In the second spot, “The Escape,” Animal Logic supplied a handful of relatively simple effects to the early scenes then displayed its skills by turning a small room into a cavernous, columned chamber and blowing up a high-rise building in a scene reminiscent of some of James Bond’s most destructive rampages.

“The Escape” opens with D3 on his back, chained to a round rotating table. Beside him stands the Zen Master; D3′s basketball magically hovers over the prone superstar.

The Zen Master’s fingers glitter with the NBA rings that D3 seeks. Leaving the chamber, the Zen Master, dressed in purple to recall the rival Los Angeles Lakers, activates a purple laser, created by Animal Logic in Autodesk Flame. The laser, seen cutting into the table itself via an effect created in Adobe Photoshop with matte painting, will kill D3 as the table rotates and sends him into the beam.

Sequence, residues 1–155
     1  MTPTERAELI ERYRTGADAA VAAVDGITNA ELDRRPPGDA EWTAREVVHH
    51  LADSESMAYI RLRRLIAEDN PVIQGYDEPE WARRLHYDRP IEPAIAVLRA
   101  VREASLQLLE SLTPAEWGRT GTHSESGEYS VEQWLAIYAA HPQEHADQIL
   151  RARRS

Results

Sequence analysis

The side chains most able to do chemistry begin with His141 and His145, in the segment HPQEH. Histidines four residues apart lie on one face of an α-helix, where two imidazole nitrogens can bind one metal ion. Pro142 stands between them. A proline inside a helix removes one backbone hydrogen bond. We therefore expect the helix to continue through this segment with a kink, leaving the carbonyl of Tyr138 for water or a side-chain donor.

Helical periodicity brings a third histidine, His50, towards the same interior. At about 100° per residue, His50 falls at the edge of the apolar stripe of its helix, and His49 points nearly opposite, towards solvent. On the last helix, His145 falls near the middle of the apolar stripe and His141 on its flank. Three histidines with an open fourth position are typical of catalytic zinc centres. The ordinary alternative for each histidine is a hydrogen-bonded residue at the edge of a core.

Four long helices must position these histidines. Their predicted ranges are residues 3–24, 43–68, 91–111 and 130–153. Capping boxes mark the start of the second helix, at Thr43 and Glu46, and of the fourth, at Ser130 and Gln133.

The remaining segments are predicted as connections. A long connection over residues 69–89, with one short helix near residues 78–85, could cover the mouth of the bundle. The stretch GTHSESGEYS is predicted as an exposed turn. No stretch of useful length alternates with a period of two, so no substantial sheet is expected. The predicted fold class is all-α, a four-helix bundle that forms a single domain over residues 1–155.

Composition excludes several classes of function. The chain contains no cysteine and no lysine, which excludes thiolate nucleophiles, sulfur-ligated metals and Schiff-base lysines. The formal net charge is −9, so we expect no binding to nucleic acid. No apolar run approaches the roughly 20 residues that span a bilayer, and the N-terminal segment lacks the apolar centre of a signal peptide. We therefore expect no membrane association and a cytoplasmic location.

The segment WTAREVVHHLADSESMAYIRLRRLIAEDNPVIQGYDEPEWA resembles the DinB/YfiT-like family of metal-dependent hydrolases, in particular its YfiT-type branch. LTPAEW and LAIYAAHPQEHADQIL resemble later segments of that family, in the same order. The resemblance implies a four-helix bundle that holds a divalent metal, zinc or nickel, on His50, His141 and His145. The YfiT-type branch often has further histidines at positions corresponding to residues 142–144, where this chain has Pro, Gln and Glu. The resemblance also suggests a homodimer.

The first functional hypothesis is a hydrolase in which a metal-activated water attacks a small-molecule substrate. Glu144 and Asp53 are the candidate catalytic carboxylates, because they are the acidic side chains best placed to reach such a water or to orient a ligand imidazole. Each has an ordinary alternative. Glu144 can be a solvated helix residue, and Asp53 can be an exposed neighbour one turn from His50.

Goldfinger, the third Connery-as-Bond movie, portrayed a similar scene: Tied to a platform, Bond watched in horror as an industrial laser cut the platform and threatened to rend Bond in half.

In the updated Air Jordan version, D3 displays no panic. He simply turns his head and positions his diamond ear stud to reflect the laser’s animated beam back into itself, destroying the laser gun. He bursts the prop chains in a practical shot to which Animal Logic added 2D sparks with Flame.

Unchained, D3 leaps up, grabs the ball, animated in 3D with Autodesk Maya, and throws it at the entrance to the chamber, where a barred door is clamping down like jaws.

The basketball blocks the bars from closing completely and D3 leaps through the opening, landing on one side of a pit filled with animated black mamba snakes, among the most dangerous in the world. It’s no coincidence that the leader of the L. A. Lakers is Kobe Bryant, whose nickname is Black Mamba.


Now free, D3 strolls away from an explosion in the building where he was trapped.

An aerial shot shows D3 leaping over the snake pit down to another chamber as one of the black mambas strikes at D3 but misses.